Fairy tales are one of the oldest ways mankind has used entertainment to teach the value of good behavior and consequences of bad. Most tales at heart tell of a central character who does either good or bad and either triumphs in the end or suffers gruesome retribution (especially in the original, non-sanitized versions of the tales — not for nothing were the most famous compilers known as the Brothers Grimm.) Pure hearts received happily ever after and malefactors suffered blindings, beheadings and bloody reprisals. What a great set-up for a musical comedy!
In Into The Woods, Stephen Sondheim mixes together several familiar tales, adds in his trade-mark clever wordplay and weaves it all together into a fast-paced, two-act, Tony-award-winning musical with a light touch that covers some fundamental values and moral dilemmas. The long-running Broadway show was filmed for television in 1991, featuring the spectacular Bernadette Peters in the pivotal role of The Witch. (The DVD of this production is available from Netflix).
In addition to The Witch, the central characters are Cinderella, Jack from “Jack in the Beanstalk”, a baker and his wife, and a couple of handsome-prince brothers. All have something they greatly desire, expressed in the all-purpose and all-powerful motto of the show: “I wish.” There is also a “Mysterious Man” who’s motives in the first act are not clear, though it turns out he is the one who’s first transgression sets all the other plot wheels into motion.
The movie version is a delightful, hilarious romp for the whole family though it is a bit ribald in places with a lot of cleavage and an anatomically-correct Wolf (Hello, Little Girl), as well as some adult themes that are deftly and creatively handled. The message is that wishes lead to actions and actions have consequences, some of which may not be immediately realized. The first act of the show weaves each character’s story together as they interact with each other in their pursuit of their respective wishes, wrapping up in a “happy ever after” — or so you might think. Act 2 then goes into just how happy “happy ever after” can be if you haven’t really resolved who you are and what is truly important to you and in life. The cleverness and humor continues throughout the second act, but profound revelations and morals are in store. Here’s a summary of the character of the main characters:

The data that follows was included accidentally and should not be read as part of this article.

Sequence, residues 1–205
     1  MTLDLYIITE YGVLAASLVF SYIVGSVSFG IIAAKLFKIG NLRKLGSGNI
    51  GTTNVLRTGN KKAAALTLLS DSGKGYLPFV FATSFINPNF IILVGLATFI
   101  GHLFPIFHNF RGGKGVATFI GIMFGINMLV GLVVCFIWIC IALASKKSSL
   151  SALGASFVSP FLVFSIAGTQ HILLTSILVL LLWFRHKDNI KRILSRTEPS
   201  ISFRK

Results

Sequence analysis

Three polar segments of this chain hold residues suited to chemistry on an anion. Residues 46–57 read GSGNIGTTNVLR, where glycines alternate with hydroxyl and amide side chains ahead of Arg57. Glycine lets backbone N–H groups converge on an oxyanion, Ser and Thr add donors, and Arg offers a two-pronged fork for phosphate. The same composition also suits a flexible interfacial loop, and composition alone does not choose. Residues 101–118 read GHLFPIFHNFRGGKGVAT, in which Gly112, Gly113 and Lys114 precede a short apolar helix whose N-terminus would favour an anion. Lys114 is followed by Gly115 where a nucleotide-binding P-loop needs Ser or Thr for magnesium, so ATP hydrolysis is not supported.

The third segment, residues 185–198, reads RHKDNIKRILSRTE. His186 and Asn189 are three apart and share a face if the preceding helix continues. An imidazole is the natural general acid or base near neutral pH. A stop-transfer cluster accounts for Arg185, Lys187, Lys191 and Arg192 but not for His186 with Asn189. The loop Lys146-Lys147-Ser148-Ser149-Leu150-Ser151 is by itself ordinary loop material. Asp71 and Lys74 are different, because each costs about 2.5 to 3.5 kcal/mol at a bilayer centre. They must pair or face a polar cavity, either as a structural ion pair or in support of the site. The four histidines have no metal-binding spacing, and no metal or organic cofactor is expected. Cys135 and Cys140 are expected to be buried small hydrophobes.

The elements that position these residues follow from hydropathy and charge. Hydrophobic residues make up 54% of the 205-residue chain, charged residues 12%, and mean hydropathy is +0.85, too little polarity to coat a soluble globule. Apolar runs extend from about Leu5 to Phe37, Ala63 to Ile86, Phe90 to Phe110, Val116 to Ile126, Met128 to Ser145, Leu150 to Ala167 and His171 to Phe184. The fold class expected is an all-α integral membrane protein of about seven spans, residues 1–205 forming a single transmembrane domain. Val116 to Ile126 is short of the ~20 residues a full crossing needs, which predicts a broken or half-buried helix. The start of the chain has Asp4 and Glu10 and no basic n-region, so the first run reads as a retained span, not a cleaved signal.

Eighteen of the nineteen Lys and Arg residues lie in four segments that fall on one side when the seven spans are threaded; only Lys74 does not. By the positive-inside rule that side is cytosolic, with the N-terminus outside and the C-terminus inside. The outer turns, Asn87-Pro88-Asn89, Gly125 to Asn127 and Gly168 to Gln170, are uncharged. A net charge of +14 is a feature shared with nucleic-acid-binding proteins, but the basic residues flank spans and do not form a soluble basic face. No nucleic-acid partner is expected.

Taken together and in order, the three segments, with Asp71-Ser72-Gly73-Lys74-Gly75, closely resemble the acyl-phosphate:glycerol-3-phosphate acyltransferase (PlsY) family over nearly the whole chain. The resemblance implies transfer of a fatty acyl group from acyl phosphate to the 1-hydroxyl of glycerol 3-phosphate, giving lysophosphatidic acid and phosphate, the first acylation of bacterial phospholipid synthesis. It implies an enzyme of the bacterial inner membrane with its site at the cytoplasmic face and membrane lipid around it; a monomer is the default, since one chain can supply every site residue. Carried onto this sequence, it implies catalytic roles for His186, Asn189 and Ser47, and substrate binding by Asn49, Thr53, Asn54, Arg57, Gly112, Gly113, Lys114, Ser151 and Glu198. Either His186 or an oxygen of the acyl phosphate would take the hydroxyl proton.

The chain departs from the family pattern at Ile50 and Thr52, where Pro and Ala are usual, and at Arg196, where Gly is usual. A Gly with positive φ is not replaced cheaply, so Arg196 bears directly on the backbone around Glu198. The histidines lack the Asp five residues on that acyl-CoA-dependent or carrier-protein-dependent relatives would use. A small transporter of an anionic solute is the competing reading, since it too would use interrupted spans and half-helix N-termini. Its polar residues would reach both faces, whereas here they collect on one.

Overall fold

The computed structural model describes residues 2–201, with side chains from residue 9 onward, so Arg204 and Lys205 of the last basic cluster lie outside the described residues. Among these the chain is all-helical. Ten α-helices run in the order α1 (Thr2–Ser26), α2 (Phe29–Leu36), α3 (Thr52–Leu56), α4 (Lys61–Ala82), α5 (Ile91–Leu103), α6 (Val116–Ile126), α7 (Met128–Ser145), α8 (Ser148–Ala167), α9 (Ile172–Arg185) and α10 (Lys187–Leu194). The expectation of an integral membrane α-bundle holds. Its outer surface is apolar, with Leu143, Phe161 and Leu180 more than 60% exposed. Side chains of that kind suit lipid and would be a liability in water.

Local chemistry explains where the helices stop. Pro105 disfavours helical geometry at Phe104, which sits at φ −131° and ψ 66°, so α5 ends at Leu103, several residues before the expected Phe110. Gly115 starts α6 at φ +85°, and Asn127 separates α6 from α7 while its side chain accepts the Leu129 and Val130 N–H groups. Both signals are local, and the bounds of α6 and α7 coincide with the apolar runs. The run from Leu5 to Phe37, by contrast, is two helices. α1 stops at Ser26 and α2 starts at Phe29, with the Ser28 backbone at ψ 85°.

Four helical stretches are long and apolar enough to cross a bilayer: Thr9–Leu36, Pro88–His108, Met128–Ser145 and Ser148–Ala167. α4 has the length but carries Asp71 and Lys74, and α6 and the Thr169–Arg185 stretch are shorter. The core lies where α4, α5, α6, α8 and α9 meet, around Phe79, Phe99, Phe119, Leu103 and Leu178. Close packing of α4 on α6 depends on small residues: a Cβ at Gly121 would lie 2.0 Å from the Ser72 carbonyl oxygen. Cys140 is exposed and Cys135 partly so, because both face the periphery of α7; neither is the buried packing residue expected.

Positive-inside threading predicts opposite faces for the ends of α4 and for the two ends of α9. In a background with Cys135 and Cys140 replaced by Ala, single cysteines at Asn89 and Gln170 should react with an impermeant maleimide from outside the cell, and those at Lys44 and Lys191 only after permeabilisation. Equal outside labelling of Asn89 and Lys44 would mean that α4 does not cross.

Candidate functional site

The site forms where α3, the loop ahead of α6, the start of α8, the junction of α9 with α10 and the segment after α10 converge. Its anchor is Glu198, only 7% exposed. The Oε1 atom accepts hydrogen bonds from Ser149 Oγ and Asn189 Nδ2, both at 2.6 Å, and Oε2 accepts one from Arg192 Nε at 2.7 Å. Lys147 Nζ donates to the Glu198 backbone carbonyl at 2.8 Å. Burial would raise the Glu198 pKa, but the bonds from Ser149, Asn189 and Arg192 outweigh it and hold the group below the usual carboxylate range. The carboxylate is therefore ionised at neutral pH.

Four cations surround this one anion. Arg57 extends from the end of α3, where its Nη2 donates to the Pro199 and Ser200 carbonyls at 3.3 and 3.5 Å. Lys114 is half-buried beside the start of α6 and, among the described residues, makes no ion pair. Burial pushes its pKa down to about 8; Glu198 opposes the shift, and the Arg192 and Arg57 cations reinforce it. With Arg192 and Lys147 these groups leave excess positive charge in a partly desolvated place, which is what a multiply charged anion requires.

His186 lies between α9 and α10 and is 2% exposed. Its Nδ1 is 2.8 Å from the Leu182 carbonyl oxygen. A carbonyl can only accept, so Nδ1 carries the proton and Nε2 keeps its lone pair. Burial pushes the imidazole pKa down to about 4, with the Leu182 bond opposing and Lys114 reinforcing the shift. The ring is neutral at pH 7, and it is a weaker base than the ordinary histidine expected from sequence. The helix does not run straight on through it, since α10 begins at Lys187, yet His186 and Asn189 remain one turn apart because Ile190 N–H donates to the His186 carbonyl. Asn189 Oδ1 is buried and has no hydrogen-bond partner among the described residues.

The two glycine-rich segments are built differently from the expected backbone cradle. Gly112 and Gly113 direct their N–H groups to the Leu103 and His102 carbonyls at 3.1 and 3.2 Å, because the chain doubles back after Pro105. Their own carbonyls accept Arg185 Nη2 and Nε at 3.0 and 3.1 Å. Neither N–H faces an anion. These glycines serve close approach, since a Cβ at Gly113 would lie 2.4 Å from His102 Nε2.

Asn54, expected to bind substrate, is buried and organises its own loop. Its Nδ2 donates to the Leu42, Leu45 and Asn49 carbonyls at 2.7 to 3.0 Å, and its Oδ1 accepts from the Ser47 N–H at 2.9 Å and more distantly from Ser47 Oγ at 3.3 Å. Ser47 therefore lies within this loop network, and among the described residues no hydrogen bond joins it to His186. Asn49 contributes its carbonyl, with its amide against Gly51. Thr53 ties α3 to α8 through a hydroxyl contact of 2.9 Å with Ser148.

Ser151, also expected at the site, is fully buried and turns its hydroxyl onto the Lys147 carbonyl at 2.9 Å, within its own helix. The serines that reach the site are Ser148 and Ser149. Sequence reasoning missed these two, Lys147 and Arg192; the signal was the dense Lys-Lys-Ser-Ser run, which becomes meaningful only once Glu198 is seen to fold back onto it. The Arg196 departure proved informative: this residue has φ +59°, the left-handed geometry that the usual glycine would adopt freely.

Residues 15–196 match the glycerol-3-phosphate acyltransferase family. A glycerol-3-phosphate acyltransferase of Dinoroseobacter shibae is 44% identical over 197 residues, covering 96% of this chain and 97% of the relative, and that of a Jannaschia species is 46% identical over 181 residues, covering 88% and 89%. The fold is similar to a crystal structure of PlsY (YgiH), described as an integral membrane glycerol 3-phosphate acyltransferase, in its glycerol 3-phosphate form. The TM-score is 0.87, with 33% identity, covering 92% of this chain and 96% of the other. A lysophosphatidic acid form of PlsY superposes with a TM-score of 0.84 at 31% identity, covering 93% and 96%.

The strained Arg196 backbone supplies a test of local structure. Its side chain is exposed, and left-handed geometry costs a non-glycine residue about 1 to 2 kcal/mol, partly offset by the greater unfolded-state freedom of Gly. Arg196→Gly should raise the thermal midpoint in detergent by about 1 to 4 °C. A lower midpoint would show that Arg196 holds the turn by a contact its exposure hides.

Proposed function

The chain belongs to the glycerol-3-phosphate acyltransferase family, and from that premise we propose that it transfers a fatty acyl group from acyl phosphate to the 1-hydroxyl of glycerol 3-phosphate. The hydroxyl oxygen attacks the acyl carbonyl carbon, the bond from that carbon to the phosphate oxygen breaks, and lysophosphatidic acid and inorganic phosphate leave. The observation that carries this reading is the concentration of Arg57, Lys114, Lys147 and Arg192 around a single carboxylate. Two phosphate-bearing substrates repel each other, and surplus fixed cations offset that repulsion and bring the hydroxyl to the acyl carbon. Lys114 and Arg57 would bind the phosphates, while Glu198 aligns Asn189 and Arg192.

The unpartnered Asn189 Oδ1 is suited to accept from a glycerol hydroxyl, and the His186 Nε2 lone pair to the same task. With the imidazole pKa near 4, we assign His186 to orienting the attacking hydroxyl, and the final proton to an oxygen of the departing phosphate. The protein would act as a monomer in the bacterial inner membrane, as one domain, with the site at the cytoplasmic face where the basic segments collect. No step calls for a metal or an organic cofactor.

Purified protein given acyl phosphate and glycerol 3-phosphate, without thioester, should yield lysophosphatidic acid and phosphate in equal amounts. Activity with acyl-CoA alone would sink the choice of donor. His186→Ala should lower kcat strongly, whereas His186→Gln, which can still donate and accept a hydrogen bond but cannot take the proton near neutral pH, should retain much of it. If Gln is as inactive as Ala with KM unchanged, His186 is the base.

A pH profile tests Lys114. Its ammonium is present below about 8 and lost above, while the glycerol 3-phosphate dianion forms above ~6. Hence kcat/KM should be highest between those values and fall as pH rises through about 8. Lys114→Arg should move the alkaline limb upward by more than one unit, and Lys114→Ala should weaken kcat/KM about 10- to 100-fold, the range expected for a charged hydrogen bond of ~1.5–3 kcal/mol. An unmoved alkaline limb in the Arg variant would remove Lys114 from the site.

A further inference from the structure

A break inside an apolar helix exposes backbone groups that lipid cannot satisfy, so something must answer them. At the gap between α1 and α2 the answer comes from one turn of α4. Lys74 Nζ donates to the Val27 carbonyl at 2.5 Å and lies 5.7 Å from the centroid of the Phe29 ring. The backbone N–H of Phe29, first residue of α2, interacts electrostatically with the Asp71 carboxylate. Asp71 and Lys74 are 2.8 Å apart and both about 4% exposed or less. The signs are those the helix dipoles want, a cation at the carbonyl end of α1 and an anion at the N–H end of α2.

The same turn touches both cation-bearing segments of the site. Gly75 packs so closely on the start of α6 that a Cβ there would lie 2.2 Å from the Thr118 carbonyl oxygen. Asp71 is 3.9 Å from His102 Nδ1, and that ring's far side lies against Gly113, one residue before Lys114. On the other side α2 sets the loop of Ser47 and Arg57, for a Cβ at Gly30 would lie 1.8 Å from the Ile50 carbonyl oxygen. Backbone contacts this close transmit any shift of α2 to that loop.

Cinderella: gentle and kind, she spends a great deal of her hard life wishing for better things but especially to be able to go to the king’s festival. Her inability to decide what it is she really wants, however, leads to a number of complications.
Jack: a simple-minded boy with no father on the scene and a nagging but protective other, he discovers a fabulous new world with giants but his almost-innocent greed and suddenly discovered desire for adventure means complications are most definitely in store!
The Baker and his Wife: These are the characters on whom the story truly turns. A childless couple due to a curse the Witch put on the Baker’s household as a result of his father stealing beans from the Witch’s garden both ties the other stories together and carries the most complete moral dilemmas. The Baker also grew up without a father, and while his instincts are good and decent, he is easily swayed by his practical, ends-justifies-the-means (or beans) wife who’s situational ethics and strong personality add momentum to the causes and effects initiated by others. Ultimately, she is undone by another who’s situational ethics outmaneuver hers. The Baker, however, ultimately overcomes his timidity and realizes his weakness, ultimately leading to him becoming a better man.